Monday, November 8, 2010

Muddy Water Watch

Can you name the most common water pollutant? You might think pesticides, animal manure, or industrial chemicals. Nope. The most common water pollutant is plain old dirt. Take a look at your local creek or river the next time it rains, and note whether or note the water is still fairly clear, or looks like the color of mud. I know in my state, creeks look like liquid red clay after every major rain storm. I usually have an urge after a heavy rain to collect some water and see what the mud to water ratio really is.

Why is dirt harmful? I mean, it's a natural substance, and dirt gets into streams and creeks no matter what we do. That's true. The problem is when excessive amounts of dirt, also called sedimentation, washes into streams. It chokes plant and animal life, and can even cause problems for water treatment plants.

One of the last times I kayaked a major rivers in my area, the water was so red and soupy that I couldn't see more than an inch under the surface. Usually I don't want to fall out of my boat because I worry about water snakes. That day, I didn't want to fall out of my boat because it looked like quicksand. I had visions of the muddy water sucking me down into the depths. My friends would never find any trace of me, just a lonely kayak aimlessly floating down the river. I decided to put on my life jacket pretty soon after getting on the river.

Sedimentation causes problems for native fish and other animals by ruining their habitat. Many types of fish  live and lay eggs around loose gravel or cobblestones littering the bottom of streambeds. Sedimentation will fill in all of the gaps between small rocks, eliminating good fish habitat. Dirt can infiltrate fish gills, making them suffocate. Sedimentation also ruins habitat for other types of aquatic animals, like invertebrates that burrow underneath rocks. All of that dirt and silt will smother any kinds of plants growing in the stream. Plants are often either hiding places for fish, or food for a variety of animals. Sediment in the water is no good for any type of creature or plant that calls the water home.

Sedimentation is also expensive for people. It mucks up water treatment facilities, increasing the cost of cleaning up our drinking water by up to 60%. Excess dirt in the water also means other nasty things have been washed in too. Usually, sediment can carry pollutants that we typically think are main water pollutants: oil, grease, fertilizers. When dirt runs into the creeks, everything sprayed on or in contact with the dirt washes in too.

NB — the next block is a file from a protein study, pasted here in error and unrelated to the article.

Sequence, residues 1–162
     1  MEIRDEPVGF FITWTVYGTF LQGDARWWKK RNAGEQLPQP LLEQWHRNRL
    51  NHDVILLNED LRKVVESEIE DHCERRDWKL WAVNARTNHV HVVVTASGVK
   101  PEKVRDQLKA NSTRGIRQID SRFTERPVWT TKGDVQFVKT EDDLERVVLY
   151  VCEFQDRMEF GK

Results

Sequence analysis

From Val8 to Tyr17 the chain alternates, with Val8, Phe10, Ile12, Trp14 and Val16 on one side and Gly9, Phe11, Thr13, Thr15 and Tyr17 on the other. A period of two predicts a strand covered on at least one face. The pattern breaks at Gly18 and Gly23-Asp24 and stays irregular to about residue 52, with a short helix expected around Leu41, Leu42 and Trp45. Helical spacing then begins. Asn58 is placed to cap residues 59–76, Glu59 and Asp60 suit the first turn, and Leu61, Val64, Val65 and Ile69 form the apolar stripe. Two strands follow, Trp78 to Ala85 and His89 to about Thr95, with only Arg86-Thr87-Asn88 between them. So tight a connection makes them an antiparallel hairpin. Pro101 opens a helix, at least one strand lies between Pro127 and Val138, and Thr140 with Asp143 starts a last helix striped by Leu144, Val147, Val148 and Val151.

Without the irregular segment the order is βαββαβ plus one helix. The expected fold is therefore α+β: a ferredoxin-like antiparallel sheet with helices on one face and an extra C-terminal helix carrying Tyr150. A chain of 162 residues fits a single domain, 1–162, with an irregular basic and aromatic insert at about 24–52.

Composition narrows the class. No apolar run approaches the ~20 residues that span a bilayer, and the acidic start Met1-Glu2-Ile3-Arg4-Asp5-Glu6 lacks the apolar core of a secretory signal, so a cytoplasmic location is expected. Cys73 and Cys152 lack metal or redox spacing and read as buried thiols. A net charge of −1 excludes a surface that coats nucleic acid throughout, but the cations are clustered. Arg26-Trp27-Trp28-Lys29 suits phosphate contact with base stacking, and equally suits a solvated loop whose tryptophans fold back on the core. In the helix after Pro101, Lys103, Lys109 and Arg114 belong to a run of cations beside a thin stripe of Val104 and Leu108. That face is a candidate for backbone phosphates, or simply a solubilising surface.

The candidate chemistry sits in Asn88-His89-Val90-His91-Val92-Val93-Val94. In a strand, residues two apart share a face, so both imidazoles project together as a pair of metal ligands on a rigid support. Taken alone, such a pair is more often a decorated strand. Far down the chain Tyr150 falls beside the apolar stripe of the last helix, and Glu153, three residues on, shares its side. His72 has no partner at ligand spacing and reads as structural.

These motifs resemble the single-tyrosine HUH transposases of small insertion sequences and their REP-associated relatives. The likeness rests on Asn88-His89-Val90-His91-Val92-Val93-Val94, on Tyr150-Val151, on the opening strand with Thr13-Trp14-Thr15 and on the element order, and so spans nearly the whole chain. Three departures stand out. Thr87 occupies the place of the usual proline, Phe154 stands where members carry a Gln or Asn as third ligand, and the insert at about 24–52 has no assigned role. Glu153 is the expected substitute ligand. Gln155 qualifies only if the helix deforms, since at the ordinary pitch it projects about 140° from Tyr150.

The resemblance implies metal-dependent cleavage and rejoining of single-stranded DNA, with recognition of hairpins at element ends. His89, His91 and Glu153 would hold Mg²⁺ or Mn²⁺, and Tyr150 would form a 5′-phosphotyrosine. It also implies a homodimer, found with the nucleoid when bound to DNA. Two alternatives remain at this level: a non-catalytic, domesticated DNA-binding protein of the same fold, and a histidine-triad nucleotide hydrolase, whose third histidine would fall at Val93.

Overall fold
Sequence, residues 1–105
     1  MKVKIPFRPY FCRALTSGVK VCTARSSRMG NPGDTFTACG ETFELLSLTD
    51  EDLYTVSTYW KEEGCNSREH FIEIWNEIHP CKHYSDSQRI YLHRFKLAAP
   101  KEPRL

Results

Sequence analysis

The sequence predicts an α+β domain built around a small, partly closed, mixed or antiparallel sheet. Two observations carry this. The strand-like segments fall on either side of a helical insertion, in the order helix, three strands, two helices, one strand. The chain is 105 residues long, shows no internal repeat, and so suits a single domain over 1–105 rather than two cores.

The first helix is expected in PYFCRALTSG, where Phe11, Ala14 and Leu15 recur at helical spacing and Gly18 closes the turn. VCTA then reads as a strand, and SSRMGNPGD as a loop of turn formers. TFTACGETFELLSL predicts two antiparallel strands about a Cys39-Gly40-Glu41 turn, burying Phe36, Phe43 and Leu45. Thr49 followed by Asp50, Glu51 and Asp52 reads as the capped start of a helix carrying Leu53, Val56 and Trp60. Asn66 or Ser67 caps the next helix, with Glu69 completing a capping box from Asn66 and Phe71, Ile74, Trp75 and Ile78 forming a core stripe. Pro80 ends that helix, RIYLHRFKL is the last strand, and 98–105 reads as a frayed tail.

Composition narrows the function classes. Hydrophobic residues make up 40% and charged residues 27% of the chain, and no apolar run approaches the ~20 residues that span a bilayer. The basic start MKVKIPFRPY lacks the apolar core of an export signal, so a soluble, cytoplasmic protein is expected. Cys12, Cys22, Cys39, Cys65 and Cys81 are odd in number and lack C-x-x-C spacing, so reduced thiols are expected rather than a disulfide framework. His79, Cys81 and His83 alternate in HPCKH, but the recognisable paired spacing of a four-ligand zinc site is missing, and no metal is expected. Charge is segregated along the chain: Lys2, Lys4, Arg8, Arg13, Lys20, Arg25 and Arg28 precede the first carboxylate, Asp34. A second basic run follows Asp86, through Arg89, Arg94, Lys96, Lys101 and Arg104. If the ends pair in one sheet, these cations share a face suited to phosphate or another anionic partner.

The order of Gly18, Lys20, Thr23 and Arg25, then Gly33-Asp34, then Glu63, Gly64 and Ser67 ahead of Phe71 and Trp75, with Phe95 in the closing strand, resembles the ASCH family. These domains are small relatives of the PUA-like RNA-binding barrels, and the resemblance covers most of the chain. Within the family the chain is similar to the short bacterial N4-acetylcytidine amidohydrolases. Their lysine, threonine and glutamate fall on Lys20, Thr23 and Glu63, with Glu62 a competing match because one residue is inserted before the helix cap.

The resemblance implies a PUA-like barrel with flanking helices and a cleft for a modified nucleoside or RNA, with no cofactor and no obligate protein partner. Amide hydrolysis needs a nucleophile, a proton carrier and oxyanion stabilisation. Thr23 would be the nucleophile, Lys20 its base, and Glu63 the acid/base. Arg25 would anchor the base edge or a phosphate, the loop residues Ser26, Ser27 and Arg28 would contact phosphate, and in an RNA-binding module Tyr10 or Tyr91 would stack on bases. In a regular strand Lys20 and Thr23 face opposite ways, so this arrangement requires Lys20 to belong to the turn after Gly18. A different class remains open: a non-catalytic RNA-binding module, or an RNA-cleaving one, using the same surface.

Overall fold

Polluted runoff from construction sites sends about 80
million tons of sediment into the nation's water bodies
each year. Credit: Waterkeeper Alliance
So how does all of the dirt get into the water? There are a couple ways. In my area, farmers sometimes till up their fields right up to the edge of a creek. That means when it rains, the water runs through the fields, picks up all that loose dirt, then flows right into the creek. Luckily many new initiatives are educating farmers about the benefits of leaving a buffer zone between fields and any water body. The most common way dirt gets into water is from housing developments. In these cases, developers bulldoze land right to the edge of a river, causing lots of problems even after the new homes are completed. If ground cover is removed right to the river's edge, there is nothing to hold back the dirt. Sometimes it can be hard to get grass or other ground covers to grow back right next to an active stream. But developments don't even need to be right next to a river to cause big problems. Developers like the one shown in the above photo make tons of dirt wash into storm drains. All that mud then flows straight into the nearest creek.

Regulations are supposed to prevent this kind of development, but in my state many developers either aren't aware of the laws, or just ignore them. Luckily, there are several new programs in the works to educate the development community and to report construction sites that aren't doing enough to stop dirt from flowing into our waterways. Muddy Water Watch started in North Carolina, and was so successful that Alabama has started its own program. The program educates developers about the real truth of effectively controlling sedimentation: it's cheaper for them. Yes, that's right, keeping sediment under control actually decreases long-term construction costs. But few developers seem to know that.

Check out the Muddy Water Watch site, and read up about sedimentation. If it's a problem in your area, find a local river conservation group and see if you can get involved in educating the public and the development community about the damage sediment does to our rivers and to our economies.

1 comment:

0s0-Pa said...

Very interesting post on the harmful contaminants that stem from a lack of proper sediment control. I never would have guessed that dirt was the most harmful stormwater pollutant.